Of course now, with the benefit of hindsight and with the insight of world-class scientists, the consensus is that it’s a very clever probe designed to acquire language via some mimicry algorithms. We’re still not sure it knows what it’s saying, but most of what it learned to talk about was: which kids in the nearby middle and high schools sucked, which teachers sucked, who was a slut, and to say it was a big fan of many of history’s worst dictators and serial killers. I’ve heard that when they originally put up that tent around it and the government folks moved in, the first thing it asked them was how much they enjoyed a particular impossible sexual position, then affirmed that it liked it very much. “It’s the best,” it said. It then laughed with a series of barking hard-K sounds.
Any hope of learning more about its origins seemed to be dashed. It wouldn’t answer questions, if it ever had, instead preferring to copy the questions asked of it, or would fill silence by singing advertising jingles, but with all the original advertising copy replaced with “shut up,” but matching the original melody precisely.
Transcript. Note: Capitalization used to indicate relative volume.
THERE WAS ONCE IN THESE WOODS. NOW SAY JERRY. MELT STEEL BEAMS. I AM STUPID. Listening? Fucking RULES, man. SUCK DiiiiiiiiiiiiiCKS. High five for Hitler. Mitts. Mitts. Comets. Kek kek kek kek kek kek. After me, REPEAT. Ooored. Errd. Bored. Ting bored. Geh. ♫shut up shut UP shut up SHUT UP shut-shut-shut [advertising medley of 20 minutes cut].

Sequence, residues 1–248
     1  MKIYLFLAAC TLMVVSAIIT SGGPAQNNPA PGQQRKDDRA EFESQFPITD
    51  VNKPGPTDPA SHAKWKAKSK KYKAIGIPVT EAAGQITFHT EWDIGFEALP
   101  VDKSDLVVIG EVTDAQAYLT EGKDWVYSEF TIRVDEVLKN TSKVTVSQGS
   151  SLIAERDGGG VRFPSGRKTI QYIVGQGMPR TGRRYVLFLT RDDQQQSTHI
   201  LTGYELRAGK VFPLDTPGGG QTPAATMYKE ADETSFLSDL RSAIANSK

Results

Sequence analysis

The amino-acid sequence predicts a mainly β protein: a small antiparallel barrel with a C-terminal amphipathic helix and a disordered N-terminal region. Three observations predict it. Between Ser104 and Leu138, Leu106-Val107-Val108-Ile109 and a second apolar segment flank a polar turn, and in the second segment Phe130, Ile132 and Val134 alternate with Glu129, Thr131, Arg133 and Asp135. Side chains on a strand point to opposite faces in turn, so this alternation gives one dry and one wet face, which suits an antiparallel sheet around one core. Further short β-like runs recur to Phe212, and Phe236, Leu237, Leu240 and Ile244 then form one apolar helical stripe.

But times change. Things progress. I bet it’s repeating smarter stuff now that scientists are talking to it. With any luck, maybe they’ll even notice they’re getting nothing back.
During a walk home from work, apropos of nothing, I remembered that in elementary school I had a class where each week, we were meant to study current events. We had to grab a newspaper from our parents, cut out an article, bring it in and summarize it.
The memory that came back to me was that one time, I found an article about ninjas and brought that in. Even had a picture of a ninja next to the article. I have not yet remembered what the article was actually about, but it was easier to understand than the conflict in Israel, or whatever was on the front page back in the 80s.
It’s just weird. Little fragments from an earlier life, still bumping about inside my head.
[memory tosses down a smoke bomb and disappears again]
ending theme song
I’m going to keep it a bit short this week, folks. Even though my head is buzzing because I ate WAY too many licorice all sorts. So let’s keep things focused so I’m imparting only the most important information. Okay. Cannonball Run 2 is full of talented people but it’s awful.
We’re already going astray a little bit.
Let’s see. Amanda and I created some more art postcards yesterday. We may have almost enough to send to every subscriber that I actually have an address for. If you’ve moved in the last however-long and don’t have an explicit memory of letting me know, well now you can. Maybe right now?
This week’s chunk of fiction was inspired by Simon Stålenhag’s Tales from the Loop which I backed on Kickstarter and was so excited about, I stuck it on a shelf and ignored it for months. I was waiting for a special occasion to flip through it and today ended up being that special occasion.
Also in the mental mix was the news that Stephen Hawking and Mark Zuckerberg want to fire tiny nanobots out into the universe to see what’s out there mixed with what happened when Microsoft set a chatbot loose in Twitter, only to see it turned into a racist monster within a day.
Thanks as ever to my wife Amanda for providing original illustrations.
Hope your weekend went well. I have to go and see if the internet knows what the antidote is for too much licorice.
Michael Van Vleet